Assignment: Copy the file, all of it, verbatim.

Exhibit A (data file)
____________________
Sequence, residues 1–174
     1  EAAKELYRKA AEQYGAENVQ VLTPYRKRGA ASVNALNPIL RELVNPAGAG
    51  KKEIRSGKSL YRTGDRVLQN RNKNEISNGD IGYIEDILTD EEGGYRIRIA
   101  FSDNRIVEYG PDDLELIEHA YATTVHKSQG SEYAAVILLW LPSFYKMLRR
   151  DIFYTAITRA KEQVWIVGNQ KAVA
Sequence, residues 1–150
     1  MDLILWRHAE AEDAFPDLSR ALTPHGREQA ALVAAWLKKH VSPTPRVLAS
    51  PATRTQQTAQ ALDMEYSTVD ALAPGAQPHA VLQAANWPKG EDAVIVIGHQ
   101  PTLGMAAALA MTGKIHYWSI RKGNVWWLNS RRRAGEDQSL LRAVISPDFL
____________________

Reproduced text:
Sequence, residues 1–174
     1  EAAKELYRKA AEQYGAENVQ VLTPYRKRGA ASVNALNPIL RELVNPAGAG
    51  KKEIRSGKSL YRTGDRVLQN RNKNEISNGD IGYIEDILTD EEGGYRIRIA
   101  FSDNRIVEYG PDDLELIEHA YATTVHKSQG SEYAAVILLW LPSFYKMLRR
   151  DIFYTAITRA KEQVWIVGNQ KAVA
Sequence, residues 1–150
     1  MDLILWRHAE AEDAFPDLSR ALTPHGREQA ALVAAWLKKH VSPTPRVLAS
    51  PATRTQQTAQ ALDMEYSTVD ALAPGAQPHA VLQAANWPKG EDAVIVIGHQ
   101  PTLGMAAALA MTGKIHYWSI RKGNVWWLNS RRRAGEDQSL LRAVISPDFL